Sales Tax Slice: Colorado to Tax (Still Illegal) Marijuana Sales, Arkansas and California Approve Rate Hikes

The 2012 state elections included a vast array of tax measures, including a number of sales tax measures, including the approval of an excise tax on marijuana in Colorado. Arizona voters rejected a bid to increase the state's sales tax by one percent. But sales tax hikes were approved in Arkansas and California.

Below is a recap of some of the 2012 sales and use tax ballot measures:


  • Proposition 117, a measure to permanently increase the state sales rate to 6.6 percent from the current 5.6 percent rate was rejected by the voters. 


  • A constitutional amendment to impose a temporary additional sales and use tax of 0.5 percent on all taxable sales, with the exception of sales of food and food ingredients, to fund various transportation projects was approved by the voters.


  • Proposition 30, which increases the state sales tax rate for the next four years, from 7.25 percent to 7.5 percent, and also increases the personal income tax rate on high-income earners. The revenue from the new taxes is to be directed towards public education.


  • Recreational marijuana use was legalized in a constitutional amendment approved by Colorado voters. The General Assembly is directed to impose an excise tax on marijuana sales. However, these sales are still illegal under federal law.


  • An initiative to require a two-thirds  supermajority before any new or additional taxes could be added, a tax base expanded, or a tax rate increased, was rejected by the voters.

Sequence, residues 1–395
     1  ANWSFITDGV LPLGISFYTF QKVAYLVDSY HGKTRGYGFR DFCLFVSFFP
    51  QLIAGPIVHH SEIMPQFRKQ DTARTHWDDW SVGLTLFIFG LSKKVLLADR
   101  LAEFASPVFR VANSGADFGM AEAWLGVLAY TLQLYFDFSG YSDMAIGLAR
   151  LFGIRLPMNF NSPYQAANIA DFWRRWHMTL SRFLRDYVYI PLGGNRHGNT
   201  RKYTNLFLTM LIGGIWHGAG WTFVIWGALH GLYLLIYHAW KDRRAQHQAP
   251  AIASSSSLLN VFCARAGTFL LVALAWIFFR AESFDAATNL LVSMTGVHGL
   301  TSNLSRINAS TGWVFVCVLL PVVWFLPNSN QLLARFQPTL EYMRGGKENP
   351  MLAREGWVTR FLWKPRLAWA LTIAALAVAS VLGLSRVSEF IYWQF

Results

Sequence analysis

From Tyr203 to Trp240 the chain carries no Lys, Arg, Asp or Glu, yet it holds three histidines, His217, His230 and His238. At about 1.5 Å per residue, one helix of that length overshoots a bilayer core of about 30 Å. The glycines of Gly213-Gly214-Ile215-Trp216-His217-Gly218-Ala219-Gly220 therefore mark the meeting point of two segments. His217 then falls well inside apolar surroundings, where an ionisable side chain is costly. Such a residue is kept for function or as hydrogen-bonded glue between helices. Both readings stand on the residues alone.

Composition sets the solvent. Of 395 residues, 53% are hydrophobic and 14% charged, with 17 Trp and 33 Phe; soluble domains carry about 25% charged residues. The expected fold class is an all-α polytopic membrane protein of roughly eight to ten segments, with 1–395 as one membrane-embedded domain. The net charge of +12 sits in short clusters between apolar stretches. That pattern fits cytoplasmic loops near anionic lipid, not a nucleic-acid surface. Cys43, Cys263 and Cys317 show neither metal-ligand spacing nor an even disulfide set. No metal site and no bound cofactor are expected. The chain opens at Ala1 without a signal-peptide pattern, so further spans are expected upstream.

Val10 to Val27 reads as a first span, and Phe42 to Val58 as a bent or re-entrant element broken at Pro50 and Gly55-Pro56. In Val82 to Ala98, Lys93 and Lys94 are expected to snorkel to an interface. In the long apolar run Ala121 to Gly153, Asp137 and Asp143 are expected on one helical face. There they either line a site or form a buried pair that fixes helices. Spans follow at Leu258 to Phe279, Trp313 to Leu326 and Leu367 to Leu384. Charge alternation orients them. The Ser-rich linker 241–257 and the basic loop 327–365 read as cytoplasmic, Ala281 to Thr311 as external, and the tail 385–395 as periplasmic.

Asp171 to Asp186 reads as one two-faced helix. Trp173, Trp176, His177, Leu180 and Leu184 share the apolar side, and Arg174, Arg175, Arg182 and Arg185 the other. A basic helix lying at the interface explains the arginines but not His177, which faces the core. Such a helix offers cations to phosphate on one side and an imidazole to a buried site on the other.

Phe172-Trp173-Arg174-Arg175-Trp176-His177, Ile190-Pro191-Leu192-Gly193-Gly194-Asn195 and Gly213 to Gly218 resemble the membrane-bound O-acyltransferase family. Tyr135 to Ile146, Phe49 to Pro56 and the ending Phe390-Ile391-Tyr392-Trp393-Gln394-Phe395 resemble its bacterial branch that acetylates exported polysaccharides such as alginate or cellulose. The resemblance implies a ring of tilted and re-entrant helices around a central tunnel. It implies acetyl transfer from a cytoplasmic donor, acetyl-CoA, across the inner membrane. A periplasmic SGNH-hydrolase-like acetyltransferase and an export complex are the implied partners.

• A tobacco tax initiative was rejected.

North Dakota

  • Voters in North Dakota approved the removal of language in the state constitution allowing a poll tax on men. This language has never been utilized and has been outlawed under federal law for the past 50 years.

South Dakota

  • South Dakota voters rejected a measure to increase the state sales tax by 1 percent.


  • An initiative to legalize recreational marijuana was approved; however it faces the same uncertainty as the similar measure passed in Colorado.
  • Voters passed an initiative reinstating the requirement that the legislature must have a two-thirds majority to enact any tax increase.

Bloomberg BNA's Daily Tax Reporthas a number of stories detailing the 2012 election results. See also Ballotpedia.orgfor detailed election results.

For more information about state and local sales and use taxes, see Bloomberg BNA's Sales and Use Tax Navigator.


By Nancy Emison

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